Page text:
Which Statement About A Novels Three Major Types Of Conflict Is Accurate?


Every story faces challenges and problems. In the world of literature, novels often show these challenges through conflicts. The novel’s three major types of conflict give depth to the characters and make the plot gripping. These conflicts are Man vs. Man, Man vs. Nature, and Man vs. Self.

This article will explore each of these novels’ three major types, offering a simple understanding alongside engaging examples.

Man vs. Man Conflict

One of the novel’s three major types of conflict, the Man vs. Man dynamic, is often the easiest to recognize. Here, two characters are at odds: the hero and the villain. Their reasons for conflict can vary – from personal vendettas to clashing ideologies.

Characteristics and Examples

1- Direct Opposition

The head-to-head confrontation is at the heart of this conflict type. This can manifest as two characters locking horns over differing views, a hero battling a nemesis, or even larger groups in opposition.

2- Physical or Emotional

Some face-offs culminate in physical altercations, while others simmer as emotional or ideological standoffs.

Example – “Romeo and Juliet” by Shakespeare: This classic story showcases the Montagues and Capulets in a relentless feud. The star-crossed lovers, Romeo and Juliet, are caught in the crossfire, whose love story ends tragically due to this Man vs. Man conflict.

Example – “To Kill a Mockingbird” by Harper Lee: This novel presents a poignant Man vs. Man conflict with Atticus Finch defending Tom Robinson, an innocent black man, against a prejudiced society in a courtroom battle.

Man vs. Nature Conflict

The second in our exploration of the novel’s three major types of Conflict is Man vs. Nature. This type portrays humanity’s struggle against the natural world. From fierce storms to relentless wildlife, this conflict emphasizes the unpredictability and power of nature.

Characteristics and Examples

1- Survival at its Core

The primary essence of this conflict type revolves around survival. Characters are often pitted against natural challenges, testing their resilience and adaptability.

2- External Forces

Unlike internal struggles, this conflict is driven by external natural phenomena. It could be a natural disaster, a wild animal, or any element of nature that poses a threat.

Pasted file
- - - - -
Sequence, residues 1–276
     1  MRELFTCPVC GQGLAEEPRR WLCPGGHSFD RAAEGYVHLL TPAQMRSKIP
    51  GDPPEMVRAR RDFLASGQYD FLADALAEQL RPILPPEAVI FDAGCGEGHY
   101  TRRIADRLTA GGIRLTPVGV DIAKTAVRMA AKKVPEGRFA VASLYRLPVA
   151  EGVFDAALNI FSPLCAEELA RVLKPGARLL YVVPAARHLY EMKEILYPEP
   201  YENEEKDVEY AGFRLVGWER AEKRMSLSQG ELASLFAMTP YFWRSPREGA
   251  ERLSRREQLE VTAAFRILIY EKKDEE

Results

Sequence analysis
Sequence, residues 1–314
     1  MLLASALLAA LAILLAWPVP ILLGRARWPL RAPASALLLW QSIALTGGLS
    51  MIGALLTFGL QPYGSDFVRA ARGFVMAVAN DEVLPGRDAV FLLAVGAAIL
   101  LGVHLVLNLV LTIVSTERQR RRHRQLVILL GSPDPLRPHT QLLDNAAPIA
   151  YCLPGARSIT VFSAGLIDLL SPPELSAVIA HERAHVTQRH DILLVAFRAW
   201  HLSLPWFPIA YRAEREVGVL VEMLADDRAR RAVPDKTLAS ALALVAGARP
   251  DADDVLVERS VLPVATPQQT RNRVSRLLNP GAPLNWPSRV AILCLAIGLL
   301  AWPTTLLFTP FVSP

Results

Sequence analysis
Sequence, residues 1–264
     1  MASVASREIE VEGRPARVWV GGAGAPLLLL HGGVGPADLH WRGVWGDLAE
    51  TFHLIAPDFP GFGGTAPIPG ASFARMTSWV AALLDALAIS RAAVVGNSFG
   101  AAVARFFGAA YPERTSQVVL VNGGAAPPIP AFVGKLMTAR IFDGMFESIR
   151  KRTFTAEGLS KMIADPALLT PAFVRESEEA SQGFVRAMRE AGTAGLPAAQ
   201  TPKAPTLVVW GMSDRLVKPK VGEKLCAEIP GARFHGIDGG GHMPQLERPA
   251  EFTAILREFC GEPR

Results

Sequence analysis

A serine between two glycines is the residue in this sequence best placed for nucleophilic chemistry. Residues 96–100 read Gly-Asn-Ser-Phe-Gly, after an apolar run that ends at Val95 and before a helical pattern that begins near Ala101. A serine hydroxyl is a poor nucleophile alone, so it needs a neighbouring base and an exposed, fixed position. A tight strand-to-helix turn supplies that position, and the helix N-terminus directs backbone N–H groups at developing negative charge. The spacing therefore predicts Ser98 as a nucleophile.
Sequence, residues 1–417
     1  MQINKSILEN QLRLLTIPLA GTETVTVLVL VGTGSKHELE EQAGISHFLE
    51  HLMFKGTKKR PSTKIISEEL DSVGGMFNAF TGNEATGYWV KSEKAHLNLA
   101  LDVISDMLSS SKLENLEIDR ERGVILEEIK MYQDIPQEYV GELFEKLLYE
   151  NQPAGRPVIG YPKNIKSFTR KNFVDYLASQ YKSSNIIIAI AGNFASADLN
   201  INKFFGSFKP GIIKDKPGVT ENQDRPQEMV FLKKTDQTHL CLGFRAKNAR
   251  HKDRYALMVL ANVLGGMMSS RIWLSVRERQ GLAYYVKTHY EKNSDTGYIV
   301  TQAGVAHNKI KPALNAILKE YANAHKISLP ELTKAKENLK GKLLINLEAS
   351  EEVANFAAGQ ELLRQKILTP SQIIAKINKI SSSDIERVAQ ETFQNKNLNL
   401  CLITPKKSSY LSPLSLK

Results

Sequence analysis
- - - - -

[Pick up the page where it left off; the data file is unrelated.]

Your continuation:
Example – “The Old Man and the Sea” by Ernest Hemingway: In this iconic novel, the old fisherman, Santiago, battles a giant marlin. His struggle against the fish, and later against sharks, is a poignant depiction of the Man vs. Nature conflict.

Example – “The Call of the Wild” by Jack London: This story follows a domesticated dog named Buck, thrust into the wild. His journey of adapting to the brutal wilderness and rediscovering his wild instincts showcases the raw essence of this type of conflict.

Man vs. Self Conflict

Concluding our exploration of the novel’s three major types of conflict, we come to Man vs. Self, often portrayed as a Bubble In A Graphic Novel. This conflict deepens the characters’ psyche, exposing their internal struggles, dilemmas, and demons. Unlike the other conflicts, which are more external, this type deals with the battles one fights within oneself.

Characteristics and Examples

1- Internal Struggles

This type of conflict highlights a character’s mental and emotional challenges. It revolves around their insecurities, fears, guilt, or moral dilemmas.

2- Journey to Self-Awareness

Characters often undergo a transformative journey, grappling with their issues and emerging with a newfound understanding or acceptance of themselves.

Example – “The Great Gatsby” by F. Scott Fitzgerald: Jay Gatsby’s internal conflict revolves around his obsession with the past and his unrelenting love for Daisy. Despite his riches, he grapples with issues of identity and unfulfillment.

Example – “The Catcher in the Rye” by J.D. Salinger: The protagonist, Holden Caulfield, undergoes an intense internal struggle. His disdain for adult hypocrisy and his fear of growing up showcases a classic Man vs. Self-conflict.

New Wave of Conflicts

As the world and its stories evolve, so do the traditional ideas tied to the novel’s three major types of conflict. Modern times have introduced us to themes like Man vs. Technology and Man vs. Society.

Familiarizing with these new conflicts keeps our reading list fresh and connects us deeper with contemporary stories. Moreover, a graphic novel and memoir writer is never wrong; before you start, just discuss with the professionals.


Conflicts play an important role in shaping narratives. Through the lens of literature, the three major types of conflict breathe life into characters and twist plots in unexpected directions. Ultimately, they underscore the complexities of human experiences, leaving readers with lasting impressions and deeper understandings.

If you are looking to bring your own unique story to life, consider hiring a novel writer who can expertly weave these conflicts into a compelling narrative.

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